The Living WordPosted: March 22, 2013
Books are alive! Not literally. In fact, their figurative life is more like the life in the germ of a seed. Not active in itself, but full of potential. As John Milton wrote in Areopagitica, books “are as lively, and as vigorously productive, as those fabulous dragon’s teeth; and being sown up and down, may chance to spring up armed men.”
And the potential of books is unlimited. The books themselves are finite, consisting of only so many words on so many pages, but in those words and pages they “contain a potency of life in them to be as active as that soul was whose progeny they are.” Books may express simple, straightforward ideas or complex esoteric concepts; but either way, their impacts on the world go beyond themselves in the form of inspiration. Sometimes, they inspire ideas or actions that are at odds with the powers that be.
Areopagitica is not just an essay on the value of books; it is a vibrant defense of freedom of press. Milton was fighting against a law that would require state approval of all printed material. The form of his defense is that books are potent and active in themselves. Of course, this is exactly the reason that the state would censor books in the first place. It is a strange argument that the state should not engage in censorship because books are productive and active since the state necessarily fears productive and active thought. Any novel thought, particularly in the form of political or social organizing, is a threat to the establishment.
But Milton appeals to the members of Parliament as individuals, as men who “esteem it to imitate the old and elegant humanity of Greece.” He does this because although the state itself must always fear that new ideas will upset their established power, true humanitarians acknowledge that the intellectual progress of the human race should not be impeded for the sake of “the party line.” An attempt to censor a book is an attempt to kill truth itself; and “revolutions of ages do not oft recover the loss of a rejected truth, for the want of which whole nations fare the worse.”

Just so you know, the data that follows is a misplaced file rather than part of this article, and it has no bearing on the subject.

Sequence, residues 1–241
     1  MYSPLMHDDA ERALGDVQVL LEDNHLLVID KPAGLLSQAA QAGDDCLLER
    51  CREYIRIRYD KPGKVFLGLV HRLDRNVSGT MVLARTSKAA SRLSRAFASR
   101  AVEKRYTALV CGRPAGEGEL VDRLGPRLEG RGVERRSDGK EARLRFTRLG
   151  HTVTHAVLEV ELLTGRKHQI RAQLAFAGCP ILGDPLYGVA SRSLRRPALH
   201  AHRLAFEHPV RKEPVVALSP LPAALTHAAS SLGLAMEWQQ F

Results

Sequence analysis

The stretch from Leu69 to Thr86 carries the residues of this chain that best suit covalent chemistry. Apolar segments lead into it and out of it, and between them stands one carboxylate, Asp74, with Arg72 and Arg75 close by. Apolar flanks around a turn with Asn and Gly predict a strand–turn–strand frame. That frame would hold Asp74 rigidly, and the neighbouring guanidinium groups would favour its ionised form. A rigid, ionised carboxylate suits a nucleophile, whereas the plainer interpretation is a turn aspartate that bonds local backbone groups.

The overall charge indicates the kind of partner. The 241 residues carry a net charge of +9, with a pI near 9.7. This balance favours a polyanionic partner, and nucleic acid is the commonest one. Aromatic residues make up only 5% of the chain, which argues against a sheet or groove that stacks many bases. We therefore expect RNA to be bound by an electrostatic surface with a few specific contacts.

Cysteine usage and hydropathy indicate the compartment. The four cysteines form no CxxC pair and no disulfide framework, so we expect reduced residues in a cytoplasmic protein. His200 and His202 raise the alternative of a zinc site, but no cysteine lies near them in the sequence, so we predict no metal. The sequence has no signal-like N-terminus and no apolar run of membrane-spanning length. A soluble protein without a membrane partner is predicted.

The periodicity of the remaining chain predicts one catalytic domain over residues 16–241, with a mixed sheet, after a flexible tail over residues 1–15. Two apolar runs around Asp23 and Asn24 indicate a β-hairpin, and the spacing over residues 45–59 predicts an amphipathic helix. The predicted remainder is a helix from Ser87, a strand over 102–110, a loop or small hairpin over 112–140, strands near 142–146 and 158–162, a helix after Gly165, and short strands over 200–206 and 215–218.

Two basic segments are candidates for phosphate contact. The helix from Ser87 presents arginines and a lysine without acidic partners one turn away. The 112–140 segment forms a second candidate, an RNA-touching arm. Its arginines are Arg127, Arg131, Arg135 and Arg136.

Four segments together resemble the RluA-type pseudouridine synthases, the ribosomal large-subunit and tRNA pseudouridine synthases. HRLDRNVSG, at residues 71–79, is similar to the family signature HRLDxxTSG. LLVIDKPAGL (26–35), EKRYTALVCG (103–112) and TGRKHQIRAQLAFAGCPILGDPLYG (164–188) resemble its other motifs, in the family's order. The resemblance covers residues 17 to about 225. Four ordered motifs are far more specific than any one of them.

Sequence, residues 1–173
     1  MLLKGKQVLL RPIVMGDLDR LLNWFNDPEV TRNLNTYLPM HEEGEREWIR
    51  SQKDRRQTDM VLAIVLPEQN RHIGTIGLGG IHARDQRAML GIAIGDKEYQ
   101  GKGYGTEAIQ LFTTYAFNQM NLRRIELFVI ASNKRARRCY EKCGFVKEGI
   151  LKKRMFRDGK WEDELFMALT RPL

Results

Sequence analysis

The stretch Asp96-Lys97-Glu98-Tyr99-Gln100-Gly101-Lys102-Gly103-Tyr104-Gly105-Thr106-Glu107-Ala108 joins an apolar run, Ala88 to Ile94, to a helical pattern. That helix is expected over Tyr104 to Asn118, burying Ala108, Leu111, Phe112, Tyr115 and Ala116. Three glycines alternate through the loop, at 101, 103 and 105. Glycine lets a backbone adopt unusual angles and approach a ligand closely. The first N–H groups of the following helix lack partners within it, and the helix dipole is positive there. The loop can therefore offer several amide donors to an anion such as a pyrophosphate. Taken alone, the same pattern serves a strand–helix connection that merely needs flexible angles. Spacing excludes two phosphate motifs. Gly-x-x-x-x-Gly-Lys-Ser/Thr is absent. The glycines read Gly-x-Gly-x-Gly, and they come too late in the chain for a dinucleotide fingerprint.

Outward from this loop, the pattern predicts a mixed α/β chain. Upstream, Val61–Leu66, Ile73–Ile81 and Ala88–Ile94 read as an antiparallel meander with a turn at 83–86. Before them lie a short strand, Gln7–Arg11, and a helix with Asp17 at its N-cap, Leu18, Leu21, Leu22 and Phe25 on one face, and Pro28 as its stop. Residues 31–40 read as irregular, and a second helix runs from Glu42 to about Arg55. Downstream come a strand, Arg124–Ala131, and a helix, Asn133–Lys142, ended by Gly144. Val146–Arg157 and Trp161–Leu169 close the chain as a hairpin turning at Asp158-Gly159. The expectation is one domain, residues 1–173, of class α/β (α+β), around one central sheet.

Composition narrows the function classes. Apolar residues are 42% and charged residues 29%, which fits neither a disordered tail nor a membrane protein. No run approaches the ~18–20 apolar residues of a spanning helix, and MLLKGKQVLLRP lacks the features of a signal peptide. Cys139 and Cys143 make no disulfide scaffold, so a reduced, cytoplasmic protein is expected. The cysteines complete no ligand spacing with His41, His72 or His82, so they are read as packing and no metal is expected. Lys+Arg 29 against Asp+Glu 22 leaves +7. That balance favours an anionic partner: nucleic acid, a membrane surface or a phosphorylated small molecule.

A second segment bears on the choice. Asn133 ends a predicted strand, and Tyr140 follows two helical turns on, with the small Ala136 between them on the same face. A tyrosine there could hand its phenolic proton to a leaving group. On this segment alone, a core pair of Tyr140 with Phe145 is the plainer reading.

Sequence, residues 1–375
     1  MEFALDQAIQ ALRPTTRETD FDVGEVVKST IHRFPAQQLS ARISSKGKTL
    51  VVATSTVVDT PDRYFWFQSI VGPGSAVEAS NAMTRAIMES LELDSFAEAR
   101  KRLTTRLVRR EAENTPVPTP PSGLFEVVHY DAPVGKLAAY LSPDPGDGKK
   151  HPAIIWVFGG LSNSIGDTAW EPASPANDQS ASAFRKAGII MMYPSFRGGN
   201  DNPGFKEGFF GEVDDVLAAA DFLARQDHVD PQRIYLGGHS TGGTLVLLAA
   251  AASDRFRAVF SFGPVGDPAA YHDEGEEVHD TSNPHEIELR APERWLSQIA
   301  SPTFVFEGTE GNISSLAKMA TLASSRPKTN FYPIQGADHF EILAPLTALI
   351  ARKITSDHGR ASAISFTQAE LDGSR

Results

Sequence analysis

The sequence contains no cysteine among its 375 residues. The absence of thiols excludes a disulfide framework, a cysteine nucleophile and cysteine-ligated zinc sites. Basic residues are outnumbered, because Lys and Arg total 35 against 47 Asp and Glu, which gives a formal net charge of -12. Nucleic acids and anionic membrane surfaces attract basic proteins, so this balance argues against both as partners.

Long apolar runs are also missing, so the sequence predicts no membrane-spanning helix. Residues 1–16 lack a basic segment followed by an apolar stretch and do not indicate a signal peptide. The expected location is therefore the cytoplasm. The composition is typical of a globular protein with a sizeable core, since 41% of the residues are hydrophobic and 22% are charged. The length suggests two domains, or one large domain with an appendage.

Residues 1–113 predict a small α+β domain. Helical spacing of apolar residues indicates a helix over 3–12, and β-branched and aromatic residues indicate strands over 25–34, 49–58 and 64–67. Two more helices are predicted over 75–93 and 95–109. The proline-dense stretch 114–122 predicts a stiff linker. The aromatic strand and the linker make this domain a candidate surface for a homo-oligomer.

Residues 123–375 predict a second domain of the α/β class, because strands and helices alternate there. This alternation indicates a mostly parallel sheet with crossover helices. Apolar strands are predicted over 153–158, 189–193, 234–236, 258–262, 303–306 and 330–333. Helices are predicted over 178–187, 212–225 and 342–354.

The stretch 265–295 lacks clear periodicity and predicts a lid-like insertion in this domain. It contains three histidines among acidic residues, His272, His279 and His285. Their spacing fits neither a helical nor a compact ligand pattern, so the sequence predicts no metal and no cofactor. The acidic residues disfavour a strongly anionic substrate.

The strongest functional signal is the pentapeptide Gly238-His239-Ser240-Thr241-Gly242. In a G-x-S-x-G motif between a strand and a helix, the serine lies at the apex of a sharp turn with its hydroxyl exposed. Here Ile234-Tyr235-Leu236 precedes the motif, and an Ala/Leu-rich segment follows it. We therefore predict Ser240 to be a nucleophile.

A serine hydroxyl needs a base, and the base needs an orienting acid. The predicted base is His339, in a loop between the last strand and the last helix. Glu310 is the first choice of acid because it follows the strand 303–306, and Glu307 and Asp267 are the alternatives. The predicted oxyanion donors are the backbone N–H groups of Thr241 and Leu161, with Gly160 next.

Beer of the week: 5,0 Original Lager – An online program generated this translation of the label to this supermarket brew: “Just a simple black and white box! Gold imprinting, with no effort! Only a simple design! No expensive TV advertising! This savings goes to you! We saved as much as for everything! Except on the quality of the beer! 5.0 is an original lager, brewed to the German purity law! Ingredients: water, barley malt, hops and extract! Put your money better one! You pay less now for a good Pils without frills!”
I am not sure that I’d call this a “good Pils”, but it certainly is without frills. It is a simple mass produced beer. Not much on the nose, very basic flavor. Almost a savory aftertaste which surprised me (even though it is actually very slight.) If the price is right, this could easily be had in large quantities.
Reading of the week: Areopagitica by John Milton, Excerpt – One of the most eloquent defenses of free-speech I’ve ever read. I enjoyed this more than I enjoyed his poetry.
Question of the week: Can freedom of speech ever mean anything less than total freedom of speech? Does even the slightest restriction amount to a total lack of freedom?